Tom Gores has a big decision to make. Apparently, so might Stan Van Gundy. That was the logical conclusion from the owner’s rare public comments at Little Caesars Arena Friday night. If you sift through the ambiguity, Gores is considering a change after the season, as the Pistons meander to the finish. With a polite — and purposeful — non-committal on Van Gundy’s future, Gores might have begun the process of parting ways. With the Pistons likely to miss the playoffs for the third time in four seasons, it’s not a surprise.
Would Gores outright fire Van Gundy? I’m not sure it’ll come to that. When the two meet, my guess is, it’ll be amicable, and might end up being mutual. Gores could remove one of Van Gundy’s dual roles — president of basketball operations — and perhaps give him the last season of his contract solely to coach. At 58, Van Gundy might prefer to walk away than accept a new arrangement. “It’s about what happened this year, what we’re gonna do, our future,” Gores said. “Stan’s a team player. We’re not winning enough, so we have to talk about that.”
Van Gundy did a good job early here, completely remaking a woeful team, with Andre Drummond the only inherited player remaining. But amid curious moves, shifting directions and key injuries, it has stalled. “I think Tom and I are totally on the same page,” Van Gundy said. “Our team’s playing hard, I like the guys we’ve had, some things have happened out of our control. But I’m not looking to make excuses. This business is about winning games, and we haven’t been doing enough of that. … I’ve been through this several times, but never this upfront and direct, and never with this kind of relationship with an owner. I have total respect for Tom. I love the way I’ve been treated here, but I also understand and respect Tom has to do what he thinks is best for the franchise.”
But might Van Gundy also have a decision to make, if Gores removes the president’s role (and full personnel control) but offers to keep him as coach? It has been reported in NBA circles that Gores could elevate Arn Tellem, his vice chairman since 2015, to head of basketball operations. “Yeah, I guess I have a decision to make too, you always do,” Van Gundy said. “It’s a two-way thing, but it’s really him first.”
Stan Van Gundy is expected to at least lose his role as team president in Detroit, if not also his coaching duties, with Pistons exec Arn Tellem waiting in the wings to take over the basketball operations. Tellem, one of pro sports’ top agents for the better part of 25 years, has been Pistons VP and owner Tom Gores’ right-hand man since 2015. Speculation is that Van Gundy will need to make the playoffs to keep his coaching job.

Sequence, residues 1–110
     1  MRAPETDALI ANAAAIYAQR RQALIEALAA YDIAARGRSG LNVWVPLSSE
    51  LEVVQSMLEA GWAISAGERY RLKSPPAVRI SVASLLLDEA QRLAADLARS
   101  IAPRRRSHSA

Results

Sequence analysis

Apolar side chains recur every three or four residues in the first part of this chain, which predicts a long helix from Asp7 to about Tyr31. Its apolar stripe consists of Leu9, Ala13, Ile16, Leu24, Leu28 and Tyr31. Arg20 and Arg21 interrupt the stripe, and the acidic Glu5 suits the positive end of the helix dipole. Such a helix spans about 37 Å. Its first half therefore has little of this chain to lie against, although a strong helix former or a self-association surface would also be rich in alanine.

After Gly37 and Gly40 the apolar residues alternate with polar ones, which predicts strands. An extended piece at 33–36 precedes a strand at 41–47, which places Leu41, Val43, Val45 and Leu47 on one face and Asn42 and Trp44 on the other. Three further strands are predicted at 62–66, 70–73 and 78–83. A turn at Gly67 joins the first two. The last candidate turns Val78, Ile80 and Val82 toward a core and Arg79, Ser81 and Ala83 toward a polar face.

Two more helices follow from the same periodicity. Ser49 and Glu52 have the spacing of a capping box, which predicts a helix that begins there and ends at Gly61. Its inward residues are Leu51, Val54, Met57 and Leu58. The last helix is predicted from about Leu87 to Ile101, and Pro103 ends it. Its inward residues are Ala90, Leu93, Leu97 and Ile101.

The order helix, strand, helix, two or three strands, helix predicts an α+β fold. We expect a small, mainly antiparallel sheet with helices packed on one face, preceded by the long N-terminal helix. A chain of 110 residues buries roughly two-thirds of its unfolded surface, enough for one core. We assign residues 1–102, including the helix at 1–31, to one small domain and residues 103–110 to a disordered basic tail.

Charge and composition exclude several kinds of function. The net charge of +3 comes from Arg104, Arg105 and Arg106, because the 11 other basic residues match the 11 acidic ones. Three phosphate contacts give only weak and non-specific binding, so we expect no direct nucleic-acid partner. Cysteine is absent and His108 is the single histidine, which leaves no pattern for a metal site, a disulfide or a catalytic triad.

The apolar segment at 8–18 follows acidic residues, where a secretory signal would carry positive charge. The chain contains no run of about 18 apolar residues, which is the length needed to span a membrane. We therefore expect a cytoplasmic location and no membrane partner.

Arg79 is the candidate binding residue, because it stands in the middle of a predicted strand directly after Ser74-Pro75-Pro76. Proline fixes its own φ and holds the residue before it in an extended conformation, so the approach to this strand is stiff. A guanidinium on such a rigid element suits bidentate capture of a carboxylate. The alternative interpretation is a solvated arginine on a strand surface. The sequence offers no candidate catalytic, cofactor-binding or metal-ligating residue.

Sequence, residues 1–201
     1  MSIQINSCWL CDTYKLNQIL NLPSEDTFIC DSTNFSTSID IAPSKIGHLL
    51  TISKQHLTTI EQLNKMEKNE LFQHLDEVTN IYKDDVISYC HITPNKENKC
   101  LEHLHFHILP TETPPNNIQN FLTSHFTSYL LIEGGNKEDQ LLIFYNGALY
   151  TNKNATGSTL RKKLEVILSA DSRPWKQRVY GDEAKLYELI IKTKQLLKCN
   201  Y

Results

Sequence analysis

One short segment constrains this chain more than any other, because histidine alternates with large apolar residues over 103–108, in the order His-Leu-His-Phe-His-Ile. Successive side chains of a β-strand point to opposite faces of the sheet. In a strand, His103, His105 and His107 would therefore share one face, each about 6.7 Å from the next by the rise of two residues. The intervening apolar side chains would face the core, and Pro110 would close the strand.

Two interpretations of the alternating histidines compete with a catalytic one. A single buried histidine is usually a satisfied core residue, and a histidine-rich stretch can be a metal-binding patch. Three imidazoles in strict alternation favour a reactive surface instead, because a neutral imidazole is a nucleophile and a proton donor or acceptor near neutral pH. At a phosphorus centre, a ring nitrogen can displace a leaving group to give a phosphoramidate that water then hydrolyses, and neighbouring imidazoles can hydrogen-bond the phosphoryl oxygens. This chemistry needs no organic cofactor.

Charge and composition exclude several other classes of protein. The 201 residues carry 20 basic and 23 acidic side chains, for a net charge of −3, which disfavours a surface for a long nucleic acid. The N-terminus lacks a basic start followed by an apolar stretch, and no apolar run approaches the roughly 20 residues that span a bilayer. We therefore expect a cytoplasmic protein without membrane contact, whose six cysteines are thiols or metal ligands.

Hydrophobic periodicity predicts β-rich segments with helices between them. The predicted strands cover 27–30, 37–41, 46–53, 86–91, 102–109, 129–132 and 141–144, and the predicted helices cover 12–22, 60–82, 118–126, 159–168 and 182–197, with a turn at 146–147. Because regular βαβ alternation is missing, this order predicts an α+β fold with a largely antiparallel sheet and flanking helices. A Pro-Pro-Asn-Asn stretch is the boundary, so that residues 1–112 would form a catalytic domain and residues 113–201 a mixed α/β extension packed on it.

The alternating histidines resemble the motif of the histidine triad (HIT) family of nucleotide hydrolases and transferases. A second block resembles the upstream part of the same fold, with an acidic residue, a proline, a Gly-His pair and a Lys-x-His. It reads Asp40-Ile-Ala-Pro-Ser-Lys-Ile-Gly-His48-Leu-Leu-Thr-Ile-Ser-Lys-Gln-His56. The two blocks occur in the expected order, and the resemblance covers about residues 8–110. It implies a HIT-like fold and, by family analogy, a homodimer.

While former Los Angeles Lakers general manager Mitch Kupchak is prominent in chatter about the Charlotte Hornets’ front office opening, he won’t be the only candidate. Another established name with interest is Detroit Pistons general manager Jeff Bower.
Bower is No. 2 in the Pistons’ front office, working for Stan Van Gundy, who runs the basketball operation as coach and team president. According to a source familiar with the situation, Bower and Van Gundy are both under contract with the Pistons through the end of this season. That same source said Bower, 56, would definitely be interested in the Hornets’ opening. Bower worked in Charlotte previously, in the original Hornets’ front office.
If [Blake Griffin] been a free agent in 2017 and it would have cost the Pistons Harris and Bradley to sign him, no one would have thought twice about it. He’s a superstar, and the Pistons, as much as they try to promote All-Star Andre Drummond, don’t have one. “We’re serious about winning and we’re not afraid to make a bold move and seize the opportunity,” Gores said via e-mail Sunday night. “Chances like this don’t come along very often. The move is not without risk and we gave up a lot to get him. We know that basketball is a game full of risk, but it was really clear that he is worth it.”
People throughout the league had indicated just after the New Year that the Clippers were making Blake Griffin available in potential trade scenarios. But this specific deal didn’t come to fruition until near the end of the month. And Gores didn’t hesitate when the proposed deal was put on his table. “Don’t really want to get into internal discussions,” Stan Van Gundy said, “but it didn’t take much selling. Tom was all for it.” Said Tom Gores: “I was involved from the beginning of the discussions. Once we realized this was a real deal, that it was a real opportunity, I told our guys we should get it done. Keep our young guys, keep some flexibility, but get it done.”